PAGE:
Let me introduce Rich and Anna Houghton to you. We have known them for many years having been first connected in Kidlington. Anna works as a primary school teacher and Rich works as a project manager for a design agency. They have two children and are fun-loving people that love sharing life with others in Banbury.
There's a church just north of Oxford that we're family with! Although its exciting, being actively part of a wider family of churches may be a new idea for some of you, so we want to tell the story of how we got there, and how relationships are sustained today.
Chapter 1: Oxfordshire
In the 1970s, UK churches were impacted by a new movement that came to be called both the ‘charismatic renewal’ and the ‘house church movement’. It placed emphasis on authentic community, participation in worship, spiritual gifts, and meaningful discipleship.
Recently I came across this tweet, which could sum up pretty much all that needs saying on this topic: "Church is a Spirit-filled family, not a weekly experience."
Assistant Pastor Sanjay Mahtani often puts it this way: "OCC: Community is our middle name!" And I can sometimes be heard to complain, "We don't go to church, we are the church!"
A couple of weeks ago I was talking to one of the leaders in our sister church Lifehouse (Bicester and Banbury) about the opportunities presented in Bicester as the town undergoes planned growth from 30,000 to 80,000 people, with 18,500 new jobs, by 2031.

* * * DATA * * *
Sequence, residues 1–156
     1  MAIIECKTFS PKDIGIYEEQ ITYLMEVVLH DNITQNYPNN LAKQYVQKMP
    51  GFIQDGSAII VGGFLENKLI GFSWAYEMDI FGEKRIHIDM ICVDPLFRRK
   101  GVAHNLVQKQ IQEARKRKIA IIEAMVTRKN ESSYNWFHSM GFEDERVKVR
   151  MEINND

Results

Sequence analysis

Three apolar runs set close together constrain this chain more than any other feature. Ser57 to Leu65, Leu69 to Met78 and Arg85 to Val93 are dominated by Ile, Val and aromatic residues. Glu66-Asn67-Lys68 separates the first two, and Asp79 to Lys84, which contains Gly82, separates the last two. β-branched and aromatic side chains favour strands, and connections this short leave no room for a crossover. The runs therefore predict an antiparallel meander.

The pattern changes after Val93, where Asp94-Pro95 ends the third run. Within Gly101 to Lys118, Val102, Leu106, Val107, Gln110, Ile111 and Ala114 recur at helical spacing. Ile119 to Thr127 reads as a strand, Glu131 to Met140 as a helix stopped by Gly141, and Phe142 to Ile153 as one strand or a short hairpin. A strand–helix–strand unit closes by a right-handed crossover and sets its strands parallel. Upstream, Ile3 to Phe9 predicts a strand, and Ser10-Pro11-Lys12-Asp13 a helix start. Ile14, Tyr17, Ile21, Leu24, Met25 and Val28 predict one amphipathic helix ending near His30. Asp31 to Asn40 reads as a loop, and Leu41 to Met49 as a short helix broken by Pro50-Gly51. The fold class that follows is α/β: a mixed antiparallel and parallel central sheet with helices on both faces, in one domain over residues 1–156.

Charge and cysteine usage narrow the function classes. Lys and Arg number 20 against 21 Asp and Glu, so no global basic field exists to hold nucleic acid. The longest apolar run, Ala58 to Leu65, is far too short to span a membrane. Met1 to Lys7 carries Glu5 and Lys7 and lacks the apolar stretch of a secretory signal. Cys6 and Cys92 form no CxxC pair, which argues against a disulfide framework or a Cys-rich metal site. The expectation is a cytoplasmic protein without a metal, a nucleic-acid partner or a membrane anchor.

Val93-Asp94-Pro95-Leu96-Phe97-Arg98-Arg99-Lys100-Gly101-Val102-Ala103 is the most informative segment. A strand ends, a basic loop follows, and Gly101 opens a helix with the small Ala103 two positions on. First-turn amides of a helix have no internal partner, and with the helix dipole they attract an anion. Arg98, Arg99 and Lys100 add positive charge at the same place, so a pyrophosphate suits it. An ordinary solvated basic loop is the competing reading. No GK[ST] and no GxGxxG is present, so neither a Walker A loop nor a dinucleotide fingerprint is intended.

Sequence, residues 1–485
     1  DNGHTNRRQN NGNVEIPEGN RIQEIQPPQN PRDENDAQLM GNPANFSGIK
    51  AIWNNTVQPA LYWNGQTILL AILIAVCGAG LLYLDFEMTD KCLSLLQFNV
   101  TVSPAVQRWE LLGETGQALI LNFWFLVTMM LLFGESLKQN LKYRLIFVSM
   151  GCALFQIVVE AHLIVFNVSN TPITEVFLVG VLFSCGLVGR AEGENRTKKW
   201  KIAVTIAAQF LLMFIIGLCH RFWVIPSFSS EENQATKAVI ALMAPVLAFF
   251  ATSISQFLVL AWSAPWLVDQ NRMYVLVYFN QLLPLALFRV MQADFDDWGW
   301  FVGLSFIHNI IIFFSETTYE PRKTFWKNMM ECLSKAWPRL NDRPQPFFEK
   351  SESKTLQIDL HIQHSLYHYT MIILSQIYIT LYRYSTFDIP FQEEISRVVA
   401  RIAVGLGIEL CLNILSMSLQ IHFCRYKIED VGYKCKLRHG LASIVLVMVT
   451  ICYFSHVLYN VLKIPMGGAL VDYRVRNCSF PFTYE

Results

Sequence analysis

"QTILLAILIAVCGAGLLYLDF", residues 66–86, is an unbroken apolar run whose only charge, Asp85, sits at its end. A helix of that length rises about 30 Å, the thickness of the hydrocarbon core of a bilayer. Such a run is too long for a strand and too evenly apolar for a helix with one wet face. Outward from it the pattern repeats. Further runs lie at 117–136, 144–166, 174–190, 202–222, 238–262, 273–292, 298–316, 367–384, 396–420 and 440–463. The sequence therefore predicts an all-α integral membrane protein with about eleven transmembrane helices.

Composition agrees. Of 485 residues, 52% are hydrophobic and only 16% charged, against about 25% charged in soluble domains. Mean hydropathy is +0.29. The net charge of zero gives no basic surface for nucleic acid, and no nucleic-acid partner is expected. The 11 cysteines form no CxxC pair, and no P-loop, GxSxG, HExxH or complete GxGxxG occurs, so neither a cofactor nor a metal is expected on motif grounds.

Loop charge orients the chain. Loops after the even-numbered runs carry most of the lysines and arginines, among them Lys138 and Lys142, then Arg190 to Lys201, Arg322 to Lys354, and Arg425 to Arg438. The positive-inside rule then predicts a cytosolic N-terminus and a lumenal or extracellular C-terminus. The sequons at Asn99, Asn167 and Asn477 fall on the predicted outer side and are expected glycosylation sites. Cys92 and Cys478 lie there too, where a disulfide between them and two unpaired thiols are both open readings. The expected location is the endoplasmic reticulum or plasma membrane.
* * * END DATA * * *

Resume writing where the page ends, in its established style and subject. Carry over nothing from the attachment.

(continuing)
We were talking about the sort of church we needed to be to respond to what God was doing in the town. In our conversation one phrase stood out starkly: "A church for those not yet there."
Jesus has given us this wonderful mission to go into all the world and make disciples. God has done so much for us, so we want to tell everyone how great he is! Jesus tells us “‘Love the Lord your God with all your heart and with all your soul and with all your mind.’ This is the first and greatest commandment. And the second is like it: ‘Love your neighbour as yourself.’” When it comes to mission, we usually remember the second commandment. We believe that God is just, and one day we will all face his judgment.
I've just come back from 10 days in Africa, where I was serving in my role as 'Operations Director' for our international Salt & Light family of churches, at our biannual conference, this time in Nairobi, Kenya. I've seen again the value of diversity, which is what this blog is about! For more on what I learned from the conference, read my blog a few days ago.